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Building Our Community Through Organizing

By Paul Hambleton, MEA Deputy Executive Director

A lot of folks talk about “organizing,” but getting down to the business of organizing is a matter of doing it, not just talking about it – and that’s what is happening this year.  We’re doing it.  In order to be effective, organizing has to be practical and useful.  Organizing is much more than an idea, it’s an action.  Organizing means building effective public relationships to heal or create our community.

Organizing a woodworking workshop means you’ll find the tools you need more quickly, and the layout of a well-organized workshop allows for an efficient work process.  Organizing an office means you have what you need at your fingertips – files, information, and supplies.  A well-organized classroom means it is both a great place to teach and a great place to learn.  Organizing a community means the community works better.

How do we organize MEA so that members find value, voice, and community in our association?  How do we shape our organization so that we have a real voice in public education, in our workplaces, and in our profession?  How do we build relationships with friends and neighbors in the communities we serve?  This is the organizing challenge we face in 2012.  MEA staff, MEA Board of Directors, and many new leaders are stepping up to the task in 2012.  We don’t do it by only talking about it, we do it by deliberately and intentionally building relationships around the things that matter most in our community, and that involves talking and listening to people in a very practical and intentional way.

The changes we have experienced in recent years have had a tremendous influence on our communities, public education, and our profession.  The Internet, No Child Left Behind, 24 hour/500 channel cable TV, a severe recession, changes to health care, a fast moving political landscape:  all these and more have shifted the very ground educators walk upon.  New teachers coming into the profession have never known a classroom without cell phones, computers, and instant access to a Google search.  The very status of teachers in our society has come under increasing criticism: teachers often feel under attack.  At the same time, there has never been a greater need for dedicated, high quality educators in Maine’s public schools, because the children, families, and communities we serve are also fractured and under stress.

What practical things can we do to get organized?  We need to meet the challenges and take advantage of the opportunities of our profession.  The fact is that education is changing; we must take a hard look at those changes and find ways to adapt.  Many of our communities have become damaged by the pace of change, partisan politics, economic instability, and social upheaval.   This year, we must reach out and build public relationships in our local communities around the state, as we find other citizens with a common interest in rebuilding our communities to support children, families, quality education, and opportunities for all.  Most importantly, we need to build relationships within our own MEA locals around the state so we can assist and sustain one another through tough times and build a future Mainers deserve.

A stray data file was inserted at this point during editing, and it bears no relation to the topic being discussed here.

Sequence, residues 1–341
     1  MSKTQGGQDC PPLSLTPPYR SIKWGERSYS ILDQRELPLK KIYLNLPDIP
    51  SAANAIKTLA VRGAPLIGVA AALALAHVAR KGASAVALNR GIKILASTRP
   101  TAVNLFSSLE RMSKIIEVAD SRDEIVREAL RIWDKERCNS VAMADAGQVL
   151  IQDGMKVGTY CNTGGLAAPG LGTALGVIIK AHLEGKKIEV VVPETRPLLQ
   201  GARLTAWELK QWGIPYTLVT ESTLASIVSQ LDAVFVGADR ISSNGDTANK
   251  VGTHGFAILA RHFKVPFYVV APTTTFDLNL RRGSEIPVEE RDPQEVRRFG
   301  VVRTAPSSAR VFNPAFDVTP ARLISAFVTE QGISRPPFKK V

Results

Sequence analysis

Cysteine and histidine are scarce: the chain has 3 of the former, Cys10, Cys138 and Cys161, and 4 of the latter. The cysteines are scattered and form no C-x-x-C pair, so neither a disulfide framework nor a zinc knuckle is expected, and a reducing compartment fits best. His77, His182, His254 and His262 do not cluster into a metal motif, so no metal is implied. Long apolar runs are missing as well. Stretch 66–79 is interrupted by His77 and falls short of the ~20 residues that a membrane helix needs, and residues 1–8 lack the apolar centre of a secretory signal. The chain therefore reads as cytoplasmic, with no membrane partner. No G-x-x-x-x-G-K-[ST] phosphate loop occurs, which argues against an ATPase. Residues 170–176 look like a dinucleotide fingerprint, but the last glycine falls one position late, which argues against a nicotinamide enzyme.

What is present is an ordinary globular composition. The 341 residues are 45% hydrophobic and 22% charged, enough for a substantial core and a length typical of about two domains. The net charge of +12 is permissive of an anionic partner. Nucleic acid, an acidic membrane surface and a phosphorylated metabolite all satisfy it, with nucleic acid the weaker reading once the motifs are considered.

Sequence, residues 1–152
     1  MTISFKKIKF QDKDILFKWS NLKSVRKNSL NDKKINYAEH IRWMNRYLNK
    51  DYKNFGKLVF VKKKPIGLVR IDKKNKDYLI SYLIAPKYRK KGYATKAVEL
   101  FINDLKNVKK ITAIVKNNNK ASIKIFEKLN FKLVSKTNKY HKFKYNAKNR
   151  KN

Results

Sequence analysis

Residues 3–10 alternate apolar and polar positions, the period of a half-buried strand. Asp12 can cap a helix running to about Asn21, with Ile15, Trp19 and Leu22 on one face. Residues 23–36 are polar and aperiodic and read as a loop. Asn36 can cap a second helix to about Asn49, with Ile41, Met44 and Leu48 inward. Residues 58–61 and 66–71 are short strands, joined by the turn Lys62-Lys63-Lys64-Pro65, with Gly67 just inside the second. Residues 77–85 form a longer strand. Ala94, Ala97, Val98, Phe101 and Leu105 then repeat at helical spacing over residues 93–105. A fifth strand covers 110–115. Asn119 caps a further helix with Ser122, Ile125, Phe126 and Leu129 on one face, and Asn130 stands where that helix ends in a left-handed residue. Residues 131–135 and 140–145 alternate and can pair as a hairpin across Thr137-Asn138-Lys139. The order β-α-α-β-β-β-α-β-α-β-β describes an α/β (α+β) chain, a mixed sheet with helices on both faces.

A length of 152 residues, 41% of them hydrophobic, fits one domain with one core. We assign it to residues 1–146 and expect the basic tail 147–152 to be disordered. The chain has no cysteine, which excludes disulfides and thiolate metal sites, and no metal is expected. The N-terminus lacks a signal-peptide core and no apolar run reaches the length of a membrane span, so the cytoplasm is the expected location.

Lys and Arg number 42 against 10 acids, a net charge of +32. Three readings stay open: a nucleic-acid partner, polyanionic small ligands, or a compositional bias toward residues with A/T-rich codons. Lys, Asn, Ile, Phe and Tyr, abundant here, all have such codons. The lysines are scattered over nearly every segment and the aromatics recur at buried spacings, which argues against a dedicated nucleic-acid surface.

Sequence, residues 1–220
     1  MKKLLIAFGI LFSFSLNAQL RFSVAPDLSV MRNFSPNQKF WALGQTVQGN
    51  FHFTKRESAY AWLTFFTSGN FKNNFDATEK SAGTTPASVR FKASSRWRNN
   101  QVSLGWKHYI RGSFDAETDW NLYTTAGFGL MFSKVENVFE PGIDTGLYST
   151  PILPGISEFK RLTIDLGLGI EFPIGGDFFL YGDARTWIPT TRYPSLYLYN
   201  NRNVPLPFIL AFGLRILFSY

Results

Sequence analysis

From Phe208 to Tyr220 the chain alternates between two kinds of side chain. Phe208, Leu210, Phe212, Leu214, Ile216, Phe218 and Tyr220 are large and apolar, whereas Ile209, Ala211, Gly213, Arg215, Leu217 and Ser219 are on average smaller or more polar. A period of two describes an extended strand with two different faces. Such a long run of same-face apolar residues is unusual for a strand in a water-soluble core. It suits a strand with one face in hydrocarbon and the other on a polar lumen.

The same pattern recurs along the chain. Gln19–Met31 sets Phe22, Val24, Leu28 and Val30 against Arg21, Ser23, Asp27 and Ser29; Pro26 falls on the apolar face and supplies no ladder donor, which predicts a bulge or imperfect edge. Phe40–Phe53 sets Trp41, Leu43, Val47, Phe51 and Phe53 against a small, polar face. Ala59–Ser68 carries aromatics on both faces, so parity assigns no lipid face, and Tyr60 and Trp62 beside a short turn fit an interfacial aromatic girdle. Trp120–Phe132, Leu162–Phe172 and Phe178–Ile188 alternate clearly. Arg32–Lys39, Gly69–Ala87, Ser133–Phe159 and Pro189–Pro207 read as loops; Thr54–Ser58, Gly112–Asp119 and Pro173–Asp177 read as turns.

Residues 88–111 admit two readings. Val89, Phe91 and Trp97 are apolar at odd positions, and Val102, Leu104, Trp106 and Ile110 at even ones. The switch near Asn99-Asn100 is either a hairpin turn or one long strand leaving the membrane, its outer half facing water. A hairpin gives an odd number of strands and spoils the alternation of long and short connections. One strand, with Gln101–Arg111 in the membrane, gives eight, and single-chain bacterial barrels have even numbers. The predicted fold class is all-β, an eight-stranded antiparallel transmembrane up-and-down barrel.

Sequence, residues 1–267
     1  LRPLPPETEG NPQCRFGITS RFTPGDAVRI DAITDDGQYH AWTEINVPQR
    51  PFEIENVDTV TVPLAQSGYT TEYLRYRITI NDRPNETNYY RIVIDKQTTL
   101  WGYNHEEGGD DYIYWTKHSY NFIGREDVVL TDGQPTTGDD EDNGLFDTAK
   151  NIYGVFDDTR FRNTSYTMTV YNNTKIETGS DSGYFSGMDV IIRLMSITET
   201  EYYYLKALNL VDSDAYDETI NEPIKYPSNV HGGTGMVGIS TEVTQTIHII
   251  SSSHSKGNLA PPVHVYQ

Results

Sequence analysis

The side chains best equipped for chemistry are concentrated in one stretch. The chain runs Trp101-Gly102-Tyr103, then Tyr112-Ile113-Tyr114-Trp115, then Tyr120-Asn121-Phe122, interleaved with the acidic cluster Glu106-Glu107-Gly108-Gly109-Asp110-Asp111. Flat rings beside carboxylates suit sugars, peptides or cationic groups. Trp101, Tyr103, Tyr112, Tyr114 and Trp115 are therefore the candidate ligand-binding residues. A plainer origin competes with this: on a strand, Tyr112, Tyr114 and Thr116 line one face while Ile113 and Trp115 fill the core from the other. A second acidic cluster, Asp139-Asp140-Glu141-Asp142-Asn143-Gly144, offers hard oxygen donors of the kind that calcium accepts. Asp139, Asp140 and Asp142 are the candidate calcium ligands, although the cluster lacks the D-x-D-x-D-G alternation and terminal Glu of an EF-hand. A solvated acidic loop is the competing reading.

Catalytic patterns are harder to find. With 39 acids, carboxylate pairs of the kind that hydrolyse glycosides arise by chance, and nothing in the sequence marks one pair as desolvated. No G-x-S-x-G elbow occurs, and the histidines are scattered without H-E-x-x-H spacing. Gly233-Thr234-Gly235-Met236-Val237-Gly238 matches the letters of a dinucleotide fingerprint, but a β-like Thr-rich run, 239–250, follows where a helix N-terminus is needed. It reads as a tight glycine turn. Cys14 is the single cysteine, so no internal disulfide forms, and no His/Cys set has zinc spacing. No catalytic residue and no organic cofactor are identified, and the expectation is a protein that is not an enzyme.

Organizing is practical, common sense work.  It’s not easy, and it takes courage and time.  Organizers build relationships with others in order to identify our common interests and values.  Organizers unite communities to influence decision-makers.  Organizers build community to give us all a voice to make positive change.  Teachers are natural organizers – you do it every day when you create community in your classroom.

We are getting our workshop in order so we can find our tools and work efficiently.  We are cleaning the clutter out of our offices.  We are organizing our classrooms for the future.  Like our colleagues around the nation, we live in exciting and challenging times for our profession.  We are all organizers this year.  MEA members have a chance to organize our association to adapt with the changing times, find value in our communities, and give voice to the profession of education.  Step up, take a risk, and do some organizing.  Start today by building new relationships in your local association.  Talk to your local President.  Talk to your UniServ Director.  Come to the MEA Fall Leadership Conference on October 19.  The conference theme is Building Community, and it’s all about organizing.  Our profession, our public schools, and our association cannot wait. 


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